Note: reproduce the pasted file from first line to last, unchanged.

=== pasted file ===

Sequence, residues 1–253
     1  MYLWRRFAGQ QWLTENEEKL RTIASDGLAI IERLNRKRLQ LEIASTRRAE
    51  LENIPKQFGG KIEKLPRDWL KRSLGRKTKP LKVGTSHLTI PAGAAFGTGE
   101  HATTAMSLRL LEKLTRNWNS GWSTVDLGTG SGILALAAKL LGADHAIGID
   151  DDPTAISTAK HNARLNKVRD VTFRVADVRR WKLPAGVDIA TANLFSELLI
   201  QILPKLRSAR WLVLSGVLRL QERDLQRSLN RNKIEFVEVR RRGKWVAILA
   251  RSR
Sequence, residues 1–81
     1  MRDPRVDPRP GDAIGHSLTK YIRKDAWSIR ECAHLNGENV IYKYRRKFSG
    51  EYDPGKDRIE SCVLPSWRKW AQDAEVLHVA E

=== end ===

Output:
Sequence, residues 1–253
     1  MYLWRRFAGQ QWLTENEEKL RTIASDGLAI IERLNRKRLQ LEIASTRRAE
    51  LENIPKQFGG KIEKLPRDWL KRSLGRKTKP LKVGTSHLTI PAGAAFGTGE
   101  HATTAMSLRL LEKLTRNWNS GWSTVDLGTG SGILALAAKL LGADHAIGID
   151  DDPTAISTAK HNARLNKVRD VTFRVADVRR WKLPAGVDIA TANLFSELLI
   201  QILPKLRSAR WLVLSGVLRL QERDLQRSLN RNKIEFVEVR RRGKWVAILA
   251  RSR
Sequence, residues 1–81
     1  MRDPRVDPRP GDAIGHSLTK YIRKDAWSIR ECAHLNGENV IYKYRRKFSG
    51  EYDPGKDRIE SCVLPSWRKW AQDAEVLHVA E